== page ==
Crazy Is As Crazy Does

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The Big Crazy seems to have settled in for a while.

I'd hoped The Big Crazy might move on, spooked, when the six "Mars Mission" crew members were released from their habitat in Hawaii after a 365-day simulation.  I thought having that much Actual Science back in the atmosphere again, all at once, might cause The Big Crazy to at least retreat a bit.  Nope.

A check of the headlines tells me The Big Crazy has dug in for the long haul.  Take your pick: 

And then, I backed up a little.  (No, not the Trump stories -- you get used to the hallucinations of that feverish moron after a while.  And not the bat-mating story, either -- thanks just the same.)

EpiPen, EpiPen....

After Exxon, BP, Enron, Union Carbide, and all the Love Canals and fracking mayhem and asbestos madness, and leaded water and bank frauds and S & L crises, and mortgage meltdowns and Ponzi schemes and other rip-offs -- not to mention all the pharma hikes in the thousands of percent for life-saving drugs -- I already instinctively jump back at crappy news from crappy corporations and their crappy policies.

But this was some new kind of Enormous-Bigly Super-Crazy, the kind where you squint a little, suspecting the world has forever changed, never to go back again.

See:  I've already been inoculated -- like, every 8 minutes, for the last 143 years of this fine political season's quadrennial election cycle -- for the screaming-mimi madness of Trump & Co., but I must have missed my last dose of Total Mind-Liquidation Business Crazy.

But, here we are: After pressure from the public, and Congress, about a drug two-pack which has vaulted from $100 to $600 in about seven years, Mylan will now be making a generic version of its EpiPen.

The earlier $300 coupon idea must not have caught on among those who stock up on the life-saving treatment for severe allergic reactions.  (Finding a coupon, it turns out, isn't very convenient for consumers in the midst of a life-or-death crisis -- a fact Mylan likely hoped no one would uncover.)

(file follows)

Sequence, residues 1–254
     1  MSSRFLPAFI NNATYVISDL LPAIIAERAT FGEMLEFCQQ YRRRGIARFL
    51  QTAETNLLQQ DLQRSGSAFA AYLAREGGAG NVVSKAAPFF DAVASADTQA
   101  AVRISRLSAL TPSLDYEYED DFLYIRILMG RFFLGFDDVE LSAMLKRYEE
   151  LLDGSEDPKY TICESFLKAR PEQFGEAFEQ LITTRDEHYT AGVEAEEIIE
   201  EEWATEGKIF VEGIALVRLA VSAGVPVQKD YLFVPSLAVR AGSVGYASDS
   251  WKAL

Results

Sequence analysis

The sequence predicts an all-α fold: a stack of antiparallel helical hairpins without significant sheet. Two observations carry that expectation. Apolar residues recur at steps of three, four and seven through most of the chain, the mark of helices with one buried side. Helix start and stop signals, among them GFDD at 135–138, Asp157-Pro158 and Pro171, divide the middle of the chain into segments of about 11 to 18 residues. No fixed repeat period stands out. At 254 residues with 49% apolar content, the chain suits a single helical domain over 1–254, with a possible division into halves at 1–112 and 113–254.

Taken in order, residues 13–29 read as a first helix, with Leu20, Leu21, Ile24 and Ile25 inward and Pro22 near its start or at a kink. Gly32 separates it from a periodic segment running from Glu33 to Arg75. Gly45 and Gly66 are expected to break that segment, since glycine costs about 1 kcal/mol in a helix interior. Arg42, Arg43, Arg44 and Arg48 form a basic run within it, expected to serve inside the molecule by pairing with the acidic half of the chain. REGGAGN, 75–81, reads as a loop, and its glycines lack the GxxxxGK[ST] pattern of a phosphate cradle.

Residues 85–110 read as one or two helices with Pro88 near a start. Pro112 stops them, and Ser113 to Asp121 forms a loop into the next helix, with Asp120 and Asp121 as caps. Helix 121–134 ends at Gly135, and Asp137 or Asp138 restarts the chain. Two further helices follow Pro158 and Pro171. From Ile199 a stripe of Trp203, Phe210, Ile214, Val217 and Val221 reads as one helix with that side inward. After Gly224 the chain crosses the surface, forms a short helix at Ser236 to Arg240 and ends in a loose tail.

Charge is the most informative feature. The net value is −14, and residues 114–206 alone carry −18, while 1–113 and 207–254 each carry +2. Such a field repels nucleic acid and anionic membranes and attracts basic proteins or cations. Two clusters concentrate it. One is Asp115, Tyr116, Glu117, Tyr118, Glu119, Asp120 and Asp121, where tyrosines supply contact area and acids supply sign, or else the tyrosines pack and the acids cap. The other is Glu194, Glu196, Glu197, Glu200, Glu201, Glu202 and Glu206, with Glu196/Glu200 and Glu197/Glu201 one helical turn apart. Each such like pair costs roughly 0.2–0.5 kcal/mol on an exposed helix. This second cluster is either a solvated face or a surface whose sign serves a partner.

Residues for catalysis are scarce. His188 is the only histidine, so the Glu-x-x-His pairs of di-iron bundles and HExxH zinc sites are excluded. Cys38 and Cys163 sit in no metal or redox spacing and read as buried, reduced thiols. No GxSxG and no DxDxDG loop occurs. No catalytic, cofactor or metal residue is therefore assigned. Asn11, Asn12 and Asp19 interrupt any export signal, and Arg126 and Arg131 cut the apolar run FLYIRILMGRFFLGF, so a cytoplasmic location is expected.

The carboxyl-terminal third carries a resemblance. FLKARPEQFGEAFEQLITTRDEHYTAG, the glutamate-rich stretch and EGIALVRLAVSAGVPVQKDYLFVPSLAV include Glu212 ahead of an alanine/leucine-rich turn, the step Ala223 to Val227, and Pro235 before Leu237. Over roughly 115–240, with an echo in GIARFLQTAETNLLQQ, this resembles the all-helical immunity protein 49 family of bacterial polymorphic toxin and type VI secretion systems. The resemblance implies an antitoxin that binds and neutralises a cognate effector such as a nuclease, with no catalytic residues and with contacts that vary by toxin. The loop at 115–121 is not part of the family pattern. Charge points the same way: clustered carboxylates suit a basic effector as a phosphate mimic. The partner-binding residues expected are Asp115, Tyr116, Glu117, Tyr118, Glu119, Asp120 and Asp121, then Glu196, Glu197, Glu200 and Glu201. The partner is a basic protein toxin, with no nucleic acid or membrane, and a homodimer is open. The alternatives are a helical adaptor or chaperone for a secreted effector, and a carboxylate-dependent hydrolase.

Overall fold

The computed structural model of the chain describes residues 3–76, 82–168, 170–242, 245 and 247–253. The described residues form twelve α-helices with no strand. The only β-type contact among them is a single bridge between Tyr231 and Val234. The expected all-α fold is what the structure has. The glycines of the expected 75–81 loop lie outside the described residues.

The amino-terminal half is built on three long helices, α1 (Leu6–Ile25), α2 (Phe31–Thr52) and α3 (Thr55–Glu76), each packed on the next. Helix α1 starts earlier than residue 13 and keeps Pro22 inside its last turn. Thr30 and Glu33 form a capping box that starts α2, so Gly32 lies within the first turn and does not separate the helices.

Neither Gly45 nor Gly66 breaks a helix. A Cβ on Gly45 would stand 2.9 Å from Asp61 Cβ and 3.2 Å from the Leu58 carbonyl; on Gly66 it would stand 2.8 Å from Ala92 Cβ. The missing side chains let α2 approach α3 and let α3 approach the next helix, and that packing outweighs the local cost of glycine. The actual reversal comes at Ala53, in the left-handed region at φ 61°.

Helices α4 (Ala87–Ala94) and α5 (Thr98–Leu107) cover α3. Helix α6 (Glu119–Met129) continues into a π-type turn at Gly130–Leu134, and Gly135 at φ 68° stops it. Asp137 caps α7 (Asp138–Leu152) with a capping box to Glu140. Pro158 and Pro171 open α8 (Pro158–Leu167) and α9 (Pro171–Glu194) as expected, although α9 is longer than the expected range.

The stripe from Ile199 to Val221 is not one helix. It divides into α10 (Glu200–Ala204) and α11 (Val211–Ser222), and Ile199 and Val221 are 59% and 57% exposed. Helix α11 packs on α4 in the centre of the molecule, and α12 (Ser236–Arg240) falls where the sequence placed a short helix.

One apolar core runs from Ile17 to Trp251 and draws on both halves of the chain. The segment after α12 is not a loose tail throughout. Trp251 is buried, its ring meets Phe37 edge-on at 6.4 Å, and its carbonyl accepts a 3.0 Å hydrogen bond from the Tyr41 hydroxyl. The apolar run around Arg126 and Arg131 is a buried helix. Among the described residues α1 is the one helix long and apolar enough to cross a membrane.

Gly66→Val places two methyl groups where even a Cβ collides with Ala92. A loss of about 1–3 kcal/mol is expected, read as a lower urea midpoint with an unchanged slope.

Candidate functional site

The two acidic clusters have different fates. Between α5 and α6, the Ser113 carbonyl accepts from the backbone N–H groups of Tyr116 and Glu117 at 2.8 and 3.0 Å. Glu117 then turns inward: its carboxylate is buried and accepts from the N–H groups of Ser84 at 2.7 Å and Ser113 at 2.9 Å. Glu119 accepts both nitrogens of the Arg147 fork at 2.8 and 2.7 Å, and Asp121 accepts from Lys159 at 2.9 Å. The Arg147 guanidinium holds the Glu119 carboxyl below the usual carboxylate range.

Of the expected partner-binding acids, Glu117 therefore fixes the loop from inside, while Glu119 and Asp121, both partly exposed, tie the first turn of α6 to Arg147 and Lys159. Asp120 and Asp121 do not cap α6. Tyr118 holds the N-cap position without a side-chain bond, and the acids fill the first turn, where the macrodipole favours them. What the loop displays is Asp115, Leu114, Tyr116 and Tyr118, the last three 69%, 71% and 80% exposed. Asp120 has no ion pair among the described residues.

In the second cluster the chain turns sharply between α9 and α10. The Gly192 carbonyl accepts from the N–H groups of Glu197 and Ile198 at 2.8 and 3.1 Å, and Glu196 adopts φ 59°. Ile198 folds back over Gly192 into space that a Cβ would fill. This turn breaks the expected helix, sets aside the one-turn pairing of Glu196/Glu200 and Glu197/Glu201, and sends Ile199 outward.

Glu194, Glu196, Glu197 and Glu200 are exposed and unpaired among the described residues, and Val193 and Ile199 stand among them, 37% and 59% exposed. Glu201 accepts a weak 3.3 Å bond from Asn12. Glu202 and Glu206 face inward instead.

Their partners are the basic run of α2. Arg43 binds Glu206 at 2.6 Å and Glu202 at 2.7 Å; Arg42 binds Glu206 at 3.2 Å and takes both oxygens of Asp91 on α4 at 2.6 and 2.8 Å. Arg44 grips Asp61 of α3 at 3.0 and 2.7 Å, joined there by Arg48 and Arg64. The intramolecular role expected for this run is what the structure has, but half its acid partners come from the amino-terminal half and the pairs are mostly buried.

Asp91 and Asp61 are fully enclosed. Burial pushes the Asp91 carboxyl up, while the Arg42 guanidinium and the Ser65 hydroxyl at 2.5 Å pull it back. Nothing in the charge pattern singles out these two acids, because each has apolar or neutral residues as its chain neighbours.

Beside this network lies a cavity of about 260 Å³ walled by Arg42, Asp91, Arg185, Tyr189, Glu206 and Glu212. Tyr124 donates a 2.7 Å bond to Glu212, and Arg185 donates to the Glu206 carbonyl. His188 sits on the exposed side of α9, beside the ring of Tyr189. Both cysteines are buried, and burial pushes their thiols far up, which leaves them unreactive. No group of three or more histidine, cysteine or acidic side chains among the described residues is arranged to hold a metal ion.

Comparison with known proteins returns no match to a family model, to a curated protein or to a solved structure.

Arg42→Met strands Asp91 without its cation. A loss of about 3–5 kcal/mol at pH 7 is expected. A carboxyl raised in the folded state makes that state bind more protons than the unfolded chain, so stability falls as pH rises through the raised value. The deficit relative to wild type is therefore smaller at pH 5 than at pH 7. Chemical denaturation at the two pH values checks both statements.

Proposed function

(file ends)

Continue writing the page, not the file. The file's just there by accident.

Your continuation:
So, now, a generic version is due from Mylan in a couple weeks.  One health policy analyst was quoted as saying the move will help the company with public outrage, and maybe even stem interest from competitors thinking of entering the market, to boot!

Beautiful.  Business is batting 100% and the Public is left batting at bats on the field, or swatting at themselves, out in left field, out of sheer frustration.

Robert Weissman, president of the Public Citizen consumer group, noted in an NPR report that there is something fishy about a "generic drug company offering a generic version of its own branded, but off-patent drug," noting that the profitable version in Canada costs $200 and is half that price in France.

He notes Mylan's latest move "is just one more convoluted mechanism to avoid plain talk ... and just cut the price of EpiPen."

Why would he say that?  It helps to see, or hear, or read, Mylan CEO Heather Bresch's statement, which she posted on the company's website.  Here it is:

"Because of the complexity and opaqueness of today's branded pharmaceutical supply chain and the increased shifting of costs to patients as a result of high deductible health plans, we determined that bypassing the brand system in this case and offering an additional alternative was the best option."

Now, to be fair, the cobbled-together health care system we have evolved in the U.S. since World War Two is not at all easy to deduce, understand, navigate, or use -- especially if you are in the midst of a healthcare crisis yourself.

Surely, though, if we cannot force The Big Crazy to leave us alone this election season, we can get it to pull up stakes and move down the road some, and give people a chance to buy the medications they need to stay alive, and do so at reasonable prices.

I suppose, for people who cannot afford the drug, they can mutter the mantra of Martin Shkreli, the GOP's patron saint of pharmaceutical interests:  I am confident I will prevail.

Anyone suffering from severe allergic reaction could also re-read Ms. Bresch's statement, as a topical ointment, of sorts:

"Because of the complexity and opaqueness of today's branded pharmaceutical supply chain and the increased shifting of costs to patients as a result of high deductible health plans, we determined that bypassing the brand system in this case and offering an additional alternative was the best option."

If that doesn't work, please consult the GOP's easily accessible healthcare plan, which consists of a card, blank on one side, and, on the other, it reads,  Good luck.

Now, if it matters, in any of this idiocy, Mylan is no longer headquartered in the U.S. -- it moved itself offshore, where all good corporations go to shield income.  It is now in the Netherlands.

BTW:  I understand healthcare in the Netherlands is exceptional.  It has been proposed by quite a few studies as one the U.S. may wish to emulate someday, when sanity returns to our shores, sometime around 2525, if anyone's left alive.

(Netherland is 17th on the list of World Health Organization's ratings, while the U.S., and Canada are not even in the top 25.)

But, then again -- let's not be hasty or rash.  Profit is always more important than people.

To think otherwise?  Ah, it's just The Big Crazy talking again.


Info: WHO rankings:

http://thepatientfactor.com/canadian-health-care-information/world-health-organizations-ranking-of-the-worlds-health-systems/

Relief: And now, A tune from the Optimists' Club:

https://www.youtube.com/watch?v=WhNM2K8cmU8